At least relative to the rest of the league. On the WARP leaderboard, after Albert Pujols and Hanley Ramirez comes Matt Wieters, projected at 7.9 WARP. If I were an oddsmaker, I would put that one at "highly unlikely". Here's why:
I'm a fan of Wieters. He's awesome. Perhaps the best prospect in baseball in years and he's almost certainly bound for stardom and glory, but being worth ~8 wins above replacement is extremely difficult. This year only Albert Pujols, Chase Utley, Chipper Jones, and Hanley Ramirez came within a half win of 8.
Even if you assume Wieters will get 20 replacement value runs, 22 positional, and 10 defensive, you still need him to be worth 27 offensive runs to equal 79 runs above replacement. Wieters hit worth ~28 offensive runs in Double-A and ~26 in High-A, so he's done it before, but assuming he spends minimal time in Triple-A and then leaps right into fulltime major league duty in the American League East, should we really expect him to be the best offensive catcher next year?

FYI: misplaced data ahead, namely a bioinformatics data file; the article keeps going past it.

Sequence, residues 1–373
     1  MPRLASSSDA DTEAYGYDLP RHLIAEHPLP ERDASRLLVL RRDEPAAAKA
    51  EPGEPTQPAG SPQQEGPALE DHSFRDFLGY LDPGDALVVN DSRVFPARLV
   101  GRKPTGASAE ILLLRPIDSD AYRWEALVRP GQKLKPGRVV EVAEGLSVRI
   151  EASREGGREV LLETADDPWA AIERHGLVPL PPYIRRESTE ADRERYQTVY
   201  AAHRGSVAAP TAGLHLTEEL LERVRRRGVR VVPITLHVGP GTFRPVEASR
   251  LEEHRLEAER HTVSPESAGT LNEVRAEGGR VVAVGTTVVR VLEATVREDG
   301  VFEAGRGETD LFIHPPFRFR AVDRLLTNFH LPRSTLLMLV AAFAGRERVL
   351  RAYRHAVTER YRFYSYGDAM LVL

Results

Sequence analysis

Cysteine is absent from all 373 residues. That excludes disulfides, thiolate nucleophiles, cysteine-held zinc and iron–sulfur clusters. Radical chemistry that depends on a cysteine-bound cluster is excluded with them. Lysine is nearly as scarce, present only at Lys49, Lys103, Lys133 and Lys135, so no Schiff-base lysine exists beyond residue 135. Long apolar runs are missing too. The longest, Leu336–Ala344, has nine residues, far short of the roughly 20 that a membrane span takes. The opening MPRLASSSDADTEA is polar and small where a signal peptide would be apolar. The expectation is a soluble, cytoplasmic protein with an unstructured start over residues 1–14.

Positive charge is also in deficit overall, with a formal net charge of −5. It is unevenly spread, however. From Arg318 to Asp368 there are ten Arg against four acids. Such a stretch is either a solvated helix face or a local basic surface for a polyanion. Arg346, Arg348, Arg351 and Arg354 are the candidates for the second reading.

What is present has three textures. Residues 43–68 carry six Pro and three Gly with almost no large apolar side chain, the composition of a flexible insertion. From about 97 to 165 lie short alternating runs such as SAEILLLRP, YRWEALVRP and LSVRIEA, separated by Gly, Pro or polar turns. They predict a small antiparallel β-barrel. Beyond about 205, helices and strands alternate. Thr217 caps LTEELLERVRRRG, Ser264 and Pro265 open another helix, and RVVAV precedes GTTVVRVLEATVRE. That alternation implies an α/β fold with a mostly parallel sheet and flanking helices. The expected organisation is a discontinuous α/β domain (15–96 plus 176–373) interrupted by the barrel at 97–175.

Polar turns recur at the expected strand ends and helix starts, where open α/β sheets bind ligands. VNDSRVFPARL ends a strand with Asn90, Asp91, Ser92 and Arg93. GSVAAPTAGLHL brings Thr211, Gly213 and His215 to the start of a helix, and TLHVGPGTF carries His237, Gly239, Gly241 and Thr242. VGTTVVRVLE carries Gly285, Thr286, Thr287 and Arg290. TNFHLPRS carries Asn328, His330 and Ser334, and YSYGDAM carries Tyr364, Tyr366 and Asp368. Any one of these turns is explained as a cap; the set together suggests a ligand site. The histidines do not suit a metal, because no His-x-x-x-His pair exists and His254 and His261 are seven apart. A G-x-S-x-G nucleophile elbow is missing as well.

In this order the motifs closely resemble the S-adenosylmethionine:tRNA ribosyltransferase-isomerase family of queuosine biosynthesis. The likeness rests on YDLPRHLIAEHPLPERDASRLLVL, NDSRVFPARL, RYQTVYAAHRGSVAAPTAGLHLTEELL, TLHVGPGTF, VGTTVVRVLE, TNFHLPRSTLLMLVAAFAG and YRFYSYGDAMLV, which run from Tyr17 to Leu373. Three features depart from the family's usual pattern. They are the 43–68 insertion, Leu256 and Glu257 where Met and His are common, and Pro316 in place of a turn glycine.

This is not a PECOTA-only problem, and frankly I still wonder if WARP's replacement level baseline still isn't a bit too low, but this is one of the more the most glaring cases of a projection system overestimating a player. And to think, this is simply the weighted mean.